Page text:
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  • COLLEGE BASKETBALL

    Coaches facing reality of one-year recruits

  • CHARLOTTE, N.C. — Mike Krzyzewski didn't last this long as Duke coach by failing to adapt. Back in 1999, Krzyzewski was surprised and frustrated when Corey Maggette turned pro after his freshman year. Now Krzyzewski includes one-and-done scenarios in his recruiting pitch.
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  • CHARLOTTE, N.C. — Mike Krzyzewski didn't last this long as Duke coach by failing to adapt. Back in 1999, Krzyzewski was surprised and frustrated when Corey Maggette turned pro after his freshman year. Now Krzyzewski includes one-and-done scenarios in his recruiting pitch.
    Boston Celtics coach Doc Rivers said as much this week, in talking about son Austin's decision to leave Duke and turn pro after one season.
    "Coach K recruited him as a one-and-done the same way they recruited Kyrie Irving," Doc Rivers explained to Boston reporters.
    To fight this thing would be silly, and I'm not sure fans along Tobacco Road get that. There's resentment that Kentucky coach John Calipari signs a handful of one-and-dones, coaches them up and then replaces them with a new freshman class.
    Some fans find this unscrupulous. I find it practical. Calipari didn't create this system, where even the best players must be a year removed from high school to be drafted. Calipari just adapted faster, and everyone else — Krzyzewski and North Carolina's Roy Williams included — is catching up.
    There are reasons to think Calipari plays fast-and-loose, but this isn't one. Can't blame him for adjusting to the landscape.
    And look who just won a national championship.
    I get why fans of a particular school want that program's best player to stay in college. But that wishful thinking has spawned fallacies. The biggest, in my opinion: That the longer you put off the NBA, the better prepared you'll be as a pro.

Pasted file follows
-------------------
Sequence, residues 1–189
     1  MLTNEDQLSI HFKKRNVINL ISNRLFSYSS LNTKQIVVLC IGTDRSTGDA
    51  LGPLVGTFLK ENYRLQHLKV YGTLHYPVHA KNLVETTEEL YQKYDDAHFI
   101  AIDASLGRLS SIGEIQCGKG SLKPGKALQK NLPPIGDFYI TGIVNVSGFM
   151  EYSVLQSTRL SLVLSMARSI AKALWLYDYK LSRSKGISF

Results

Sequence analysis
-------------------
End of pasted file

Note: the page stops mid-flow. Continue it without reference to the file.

That doesn't pass the sniff test. Is Harrison Barnes a better prospect for staying at North Carolina as a sophomore?
    Seems to me he stagnated and didn't address his weaknesses, such as his ballhandling. That might be an isolated example, but think about the improvement Gerald Henderson has made as a Charlotte Bobcat:
    Henderson is a dramatically better jump-shooter and dribbler than he was at Duke. That's no knock on the coaching he got at Duke. But, it acknowledges that college coaches get only so much time to work with players one-on-one under NCAA rules.
    When you're drafted, basketball becomes your job and the time and structure is there to address your weaknesses. Henderson shows the results.
    Doc Rivers, candid as any coach I know, said this about players leaving college early:
    "The one-and-dones who haven't made it would have been four-year players and not made it. It's the same with guys who went two years and three years and not made it. You're either a player or not."
    I chuckled at Doc Rivers' reply when asked how he'll manage the conflict-of-interest if Austin is available when the Celtics pick.
    "I'll say (to general manager Ainge), you'd better draft him!" Rivers joked.
    "But we'll do what's best for the team. I'm just not going to answer my phone (on draft night), because my wife will be calling."
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